HORIZON EUROPE┋Protest politics and cultures of opposition in democracy



Expected Outcome

Projects should contribute to all of the following expected outcomes:

  • Practical understanding of the role and evolution of all forms of opposition (protest, cultural opposition, non-compliance, subversion, activism), their different platforms (physical and online), and their impact on democracy, including in resisting the rise of authoritarian tendencies and in taking down authoritarian regimes.
  • Policy recommendations based on a deep analysis of the potential shift from traditional party structures to social mobilisation and activism as means for democratic participation, including drivers and factors that might play a role in fostering such forms of politics.
  • Innovative forms of non-conflictual constructive engagement, which can channel social and community mobilisation and protest resulting from lack of/limited channels for democratic civic engagement and collective political action.
  • Rebuilding citizens’ trust in the impact and validity of electoral processes at various levels.


Citizens increasingly disengage from traditional party politics and voting as a way to express political views, values and beliefs. On the other hand, recent years have seen diverse forms of political protest, social and artistic movements and activism, flourish both offline and online. In fact, the Eurobarometer Youth Survey 2021 showed that a majority of young people in Ireland, Spain and Belgium, amongst others, consider participating in forms of street politics equal to, or more effective, than voting.

Research proposals under this topic should analyse further the shift towards politics of collective action, and their impact on European democracies, including their role in resisting the rise of authoritarian tendencies and in taking down authoritarian regimes. This could refer to both online and offline forms of collective political action, including artistic forms of protest (audiovisual art, literature, music, etc.). Proposals should consider drivers and factors that play a role in fostering such forms of politics (emotional, gender, socioeconomic, cultural, historical, generational, geopolitical, geographical etc.), including the role of social media platforms. This should be contextualised in a historical study of the role of protest movements and their impact on democracy. Proposals may analyse local, regional, national as well as transnational movements, mobilisation, and democracy within the European Union.

Proposals should consider the relationship between (i) collective action as a way to channel democratic grievances and (ii) limited channels for citizen participation, thus analysing the implications of further citizen support for democracy combined with the dissatisfaction with the current democratic channels (with a special focus on accessibility and inclusiveness of democratic channels such as voting for vulnerable people, mobile citizens, migrants, etc.). This could also mean exploring self-organised alternative forms of citizen participation (such as assemblies) and other innovative forms of non-conflictual constructive engagement.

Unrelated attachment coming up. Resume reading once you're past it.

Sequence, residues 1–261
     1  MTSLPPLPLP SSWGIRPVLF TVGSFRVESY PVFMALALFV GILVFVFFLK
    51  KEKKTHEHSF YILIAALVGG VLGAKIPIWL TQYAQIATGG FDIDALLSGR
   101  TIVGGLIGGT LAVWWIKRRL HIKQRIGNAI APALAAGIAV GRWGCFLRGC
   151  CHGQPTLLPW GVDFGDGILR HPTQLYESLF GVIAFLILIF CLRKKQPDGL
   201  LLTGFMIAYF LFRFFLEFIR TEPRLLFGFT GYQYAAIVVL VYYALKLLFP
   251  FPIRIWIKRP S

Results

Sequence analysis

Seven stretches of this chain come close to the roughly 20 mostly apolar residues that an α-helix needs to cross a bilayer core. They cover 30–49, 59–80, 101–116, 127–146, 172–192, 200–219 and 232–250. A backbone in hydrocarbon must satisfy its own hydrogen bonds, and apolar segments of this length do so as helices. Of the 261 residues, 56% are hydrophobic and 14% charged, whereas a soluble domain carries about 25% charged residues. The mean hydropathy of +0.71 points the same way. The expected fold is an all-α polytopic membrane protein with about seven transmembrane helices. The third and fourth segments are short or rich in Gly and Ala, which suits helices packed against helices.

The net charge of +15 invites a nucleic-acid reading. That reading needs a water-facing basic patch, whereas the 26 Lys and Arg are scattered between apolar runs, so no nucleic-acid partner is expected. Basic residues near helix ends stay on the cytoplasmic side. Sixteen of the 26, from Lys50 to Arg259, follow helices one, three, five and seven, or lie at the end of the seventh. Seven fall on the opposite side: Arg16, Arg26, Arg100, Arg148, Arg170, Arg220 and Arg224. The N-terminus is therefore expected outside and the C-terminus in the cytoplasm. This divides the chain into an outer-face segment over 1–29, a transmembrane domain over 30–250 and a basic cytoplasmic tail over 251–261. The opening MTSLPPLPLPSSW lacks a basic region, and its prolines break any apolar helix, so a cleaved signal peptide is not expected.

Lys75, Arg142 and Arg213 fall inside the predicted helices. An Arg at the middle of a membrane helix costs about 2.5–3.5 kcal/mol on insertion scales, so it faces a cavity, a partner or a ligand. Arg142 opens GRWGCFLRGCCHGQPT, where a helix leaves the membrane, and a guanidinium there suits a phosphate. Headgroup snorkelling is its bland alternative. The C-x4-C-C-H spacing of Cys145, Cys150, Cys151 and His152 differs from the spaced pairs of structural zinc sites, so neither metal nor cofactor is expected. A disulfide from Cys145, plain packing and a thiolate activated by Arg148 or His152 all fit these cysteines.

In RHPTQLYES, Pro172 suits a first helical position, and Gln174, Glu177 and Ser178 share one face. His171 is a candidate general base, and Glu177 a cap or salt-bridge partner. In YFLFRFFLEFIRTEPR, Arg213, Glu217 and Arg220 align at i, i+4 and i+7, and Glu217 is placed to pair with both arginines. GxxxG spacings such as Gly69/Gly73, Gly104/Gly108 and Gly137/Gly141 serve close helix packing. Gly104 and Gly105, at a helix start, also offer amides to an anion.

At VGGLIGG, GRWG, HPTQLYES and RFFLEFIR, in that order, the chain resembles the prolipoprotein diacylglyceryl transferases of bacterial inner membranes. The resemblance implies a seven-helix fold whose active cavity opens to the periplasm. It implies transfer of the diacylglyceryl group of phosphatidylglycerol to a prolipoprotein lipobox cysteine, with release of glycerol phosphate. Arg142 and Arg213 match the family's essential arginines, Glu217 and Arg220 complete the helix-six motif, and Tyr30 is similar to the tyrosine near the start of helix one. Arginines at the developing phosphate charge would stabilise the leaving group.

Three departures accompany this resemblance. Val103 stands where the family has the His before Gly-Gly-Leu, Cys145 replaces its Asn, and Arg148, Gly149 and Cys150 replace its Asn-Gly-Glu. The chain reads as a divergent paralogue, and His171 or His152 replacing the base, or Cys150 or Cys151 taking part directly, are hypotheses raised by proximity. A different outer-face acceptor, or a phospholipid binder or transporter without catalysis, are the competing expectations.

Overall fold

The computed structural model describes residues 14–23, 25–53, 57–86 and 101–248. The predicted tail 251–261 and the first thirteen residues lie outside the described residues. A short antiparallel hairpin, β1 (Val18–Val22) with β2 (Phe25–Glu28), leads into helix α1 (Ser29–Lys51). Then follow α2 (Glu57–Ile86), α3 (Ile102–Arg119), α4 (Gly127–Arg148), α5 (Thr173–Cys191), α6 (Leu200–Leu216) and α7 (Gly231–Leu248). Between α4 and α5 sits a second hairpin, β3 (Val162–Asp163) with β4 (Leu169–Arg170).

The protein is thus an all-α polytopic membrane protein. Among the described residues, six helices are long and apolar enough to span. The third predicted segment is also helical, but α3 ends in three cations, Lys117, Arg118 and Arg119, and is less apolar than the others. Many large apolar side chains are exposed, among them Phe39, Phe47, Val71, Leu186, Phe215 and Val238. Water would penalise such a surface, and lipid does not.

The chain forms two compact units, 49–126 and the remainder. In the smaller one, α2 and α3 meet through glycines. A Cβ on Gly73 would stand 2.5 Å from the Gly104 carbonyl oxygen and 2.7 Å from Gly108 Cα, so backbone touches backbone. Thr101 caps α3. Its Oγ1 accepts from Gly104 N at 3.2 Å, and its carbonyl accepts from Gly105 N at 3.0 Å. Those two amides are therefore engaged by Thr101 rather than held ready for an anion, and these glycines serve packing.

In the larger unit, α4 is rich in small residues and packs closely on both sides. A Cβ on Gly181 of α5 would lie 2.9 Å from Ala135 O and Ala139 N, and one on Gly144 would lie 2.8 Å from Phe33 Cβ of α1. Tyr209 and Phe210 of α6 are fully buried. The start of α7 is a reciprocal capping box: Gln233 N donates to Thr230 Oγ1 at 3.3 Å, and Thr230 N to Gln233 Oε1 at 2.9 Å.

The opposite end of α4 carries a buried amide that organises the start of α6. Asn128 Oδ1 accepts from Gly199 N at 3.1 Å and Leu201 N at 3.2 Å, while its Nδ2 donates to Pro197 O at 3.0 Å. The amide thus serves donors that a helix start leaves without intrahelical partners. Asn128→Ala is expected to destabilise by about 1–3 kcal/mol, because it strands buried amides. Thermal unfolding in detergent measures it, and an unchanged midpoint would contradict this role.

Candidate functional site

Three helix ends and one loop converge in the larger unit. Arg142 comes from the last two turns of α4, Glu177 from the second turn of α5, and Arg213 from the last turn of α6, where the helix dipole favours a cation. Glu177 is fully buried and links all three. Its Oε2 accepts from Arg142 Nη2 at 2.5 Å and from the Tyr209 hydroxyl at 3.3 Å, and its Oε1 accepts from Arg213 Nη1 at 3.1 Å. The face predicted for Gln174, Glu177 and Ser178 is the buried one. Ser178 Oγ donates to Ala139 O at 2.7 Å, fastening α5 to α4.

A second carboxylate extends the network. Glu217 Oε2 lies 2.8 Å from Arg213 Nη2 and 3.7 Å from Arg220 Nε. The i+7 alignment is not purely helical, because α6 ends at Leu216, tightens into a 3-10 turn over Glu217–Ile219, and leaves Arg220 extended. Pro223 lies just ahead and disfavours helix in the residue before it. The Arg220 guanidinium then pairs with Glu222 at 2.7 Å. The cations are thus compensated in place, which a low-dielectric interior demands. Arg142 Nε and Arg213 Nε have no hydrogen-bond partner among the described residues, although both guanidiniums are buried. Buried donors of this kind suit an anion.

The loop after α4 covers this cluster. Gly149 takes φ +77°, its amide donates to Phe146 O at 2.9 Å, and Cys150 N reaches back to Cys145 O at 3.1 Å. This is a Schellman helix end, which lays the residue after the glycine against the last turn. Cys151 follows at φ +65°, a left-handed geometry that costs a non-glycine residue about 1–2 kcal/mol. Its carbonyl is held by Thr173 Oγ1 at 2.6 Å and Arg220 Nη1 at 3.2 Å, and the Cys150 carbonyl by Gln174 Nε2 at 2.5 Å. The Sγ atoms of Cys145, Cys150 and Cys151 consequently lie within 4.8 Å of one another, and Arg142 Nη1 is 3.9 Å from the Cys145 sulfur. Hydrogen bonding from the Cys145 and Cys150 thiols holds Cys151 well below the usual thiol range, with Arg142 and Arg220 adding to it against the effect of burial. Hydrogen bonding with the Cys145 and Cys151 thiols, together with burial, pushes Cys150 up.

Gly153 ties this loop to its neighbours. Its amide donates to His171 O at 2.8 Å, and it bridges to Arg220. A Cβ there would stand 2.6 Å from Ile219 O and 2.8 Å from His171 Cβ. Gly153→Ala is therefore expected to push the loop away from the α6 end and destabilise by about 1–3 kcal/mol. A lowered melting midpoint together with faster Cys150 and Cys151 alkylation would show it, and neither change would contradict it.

The growing defiance towards the ‘usefulness’ of voting and electoral processes should also be addressed. Voting abstention as a mean to protest against a perceived lack of options, and how to remediate disengagement with electoral processes, can be a particular focus. Proposals should propose concrete paths to rebuild citizens’ trust in the impact and validity of electoral processes at various level, from local to European.

Special attention could be put on younger generations, who have vastly participated in shaping the public sphere with their activism in movements such as Pride, Fridays for Future and feminist mobilisations. A focus could also be on violence and extremist movements’ influence, for instance on protests against COVID-19 public health measures. How social networks act as a factor to increase societal resilience and as a way to pressure political change could also be investigated. Finally, how formal education contexts are integrating these new manifestations into citizenship education could also be explored. As new forms of political participation are still very much urban-based, proposals should include a specific focus on how to constructively channel rural youth’s discontent.

Proposals are encouraged to make use of participative methodologies and to draw on a combination of methods and literature.

In order to achieve the expected outcomes, international cooperation is encouraged in particular with countries from the MENA region.

Clustering and cooperation with other selected projects under this topic and other relevant projects are strongly encouraged.

Proposals are encouraged to collaborate with the JRC Competence Centre on Participatory and Deliberative Democracy,[1] particularly in respect to innovative forms of non-conflictual constructive engagement and its potential to transform democracies and democratic systems.


Date de candidature
Humanités : Anthropologie & Ethnologie, Art et histoire de l'art, Philosophie, théologie et religion
Sciences sociales : Géographie, Psychologie et sciences cognitives, Relations internationales, Science politique, Sciences de l'information et de la communication, Sociologie